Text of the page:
UBC Theses and Dissertations
Decadal-scale evolution of Elwha River downstream of Glines Canyon Dam : perspectives from numerical modeling De Rego, Kathryn Grace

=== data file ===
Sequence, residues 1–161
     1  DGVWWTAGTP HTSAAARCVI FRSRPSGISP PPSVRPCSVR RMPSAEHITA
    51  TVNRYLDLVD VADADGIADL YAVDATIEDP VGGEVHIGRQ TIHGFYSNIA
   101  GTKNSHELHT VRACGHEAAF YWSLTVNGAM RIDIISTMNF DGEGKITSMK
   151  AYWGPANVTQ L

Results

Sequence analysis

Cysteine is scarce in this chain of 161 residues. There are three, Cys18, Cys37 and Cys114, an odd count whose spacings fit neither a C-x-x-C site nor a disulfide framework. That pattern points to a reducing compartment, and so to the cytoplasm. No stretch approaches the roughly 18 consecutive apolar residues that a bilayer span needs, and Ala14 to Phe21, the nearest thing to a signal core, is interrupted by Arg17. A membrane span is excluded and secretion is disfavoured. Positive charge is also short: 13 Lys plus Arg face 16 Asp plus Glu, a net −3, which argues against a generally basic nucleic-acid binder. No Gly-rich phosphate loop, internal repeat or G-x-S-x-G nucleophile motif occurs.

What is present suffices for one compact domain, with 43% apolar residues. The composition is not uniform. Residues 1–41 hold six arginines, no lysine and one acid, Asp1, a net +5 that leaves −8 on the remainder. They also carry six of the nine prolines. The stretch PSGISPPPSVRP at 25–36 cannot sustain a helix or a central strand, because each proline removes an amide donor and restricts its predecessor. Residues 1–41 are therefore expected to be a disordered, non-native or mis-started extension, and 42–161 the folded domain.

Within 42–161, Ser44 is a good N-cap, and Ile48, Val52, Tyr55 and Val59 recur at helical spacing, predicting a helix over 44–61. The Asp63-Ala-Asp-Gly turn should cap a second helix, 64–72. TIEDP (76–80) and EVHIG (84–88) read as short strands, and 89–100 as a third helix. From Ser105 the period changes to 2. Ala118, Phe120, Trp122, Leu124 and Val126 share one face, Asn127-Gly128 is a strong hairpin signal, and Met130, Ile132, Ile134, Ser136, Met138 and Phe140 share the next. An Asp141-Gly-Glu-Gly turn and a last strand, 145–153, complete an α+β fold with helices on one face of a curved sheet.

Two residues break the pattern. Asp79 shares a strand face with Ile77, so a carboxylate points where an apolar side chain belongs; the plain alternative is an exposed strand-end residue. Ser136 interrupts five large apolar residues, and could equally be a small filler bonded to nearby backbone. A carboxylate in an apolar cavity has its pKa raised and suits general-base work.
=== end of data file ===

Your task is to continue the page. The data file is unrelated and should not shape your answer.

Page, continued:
The goal of this study is to understand the legacy of dams on river channel evolution. Most major world rivers are dammed, and these features have pervasive impacts on downstream geomorphology. Dam removals have become a popular restoration technique. However, little is known about how rivers respond to dam removal on long timescales, especially with regards to sediment exchanges between the channel and floodplain. We examine how dam emplacement and removal have affected channel stability and migration along Elwha River, a cobble-bedded wandering stream. Two dams were built on the river in the early 20th century, blocking sediment supply to the reaches below them. The dams were removed between 2011 and 2014. A numerical model, MAST-1D, is adapted to simulate channel evolution on the set of reaches between the two dams. New representations of bank erosion, vegetation encroachment, and avulsion are developed to make the model suitable for cobble-bedded streams. In the model, channel width and migration oscillate between a range of values, increasing after avulsions due to reorganization of channel geometry. The model is successful at simulating channel change during the sediment-starved period following dam emplacement. While it replicates the general pattern of channel change following dam removal, the simulations underestimate the competence of the system to export the initial pulse of sediment from the former reservoir deposit. Constraining the volume and caliber of sediment supply from the reservoir is crucial for predicting sediment deposition and storage downstream. Model simulations indicate that dam emplacement results in channel armoring, which reduces the competence of the flow to undercut bank toes, reducing the migration rate and leading to net channel narrowing. Both field and model data show that activation of floodplain channels via avulsion and, to a lesser extent, bank erosion, were responsible for increased levels of channel-floodplain exchange during the post-removal period. We predict that in the future, Elwha River will be more laterally unstable than it was in the 20th century, both due to the legacy of the dam removal and because of climate change.
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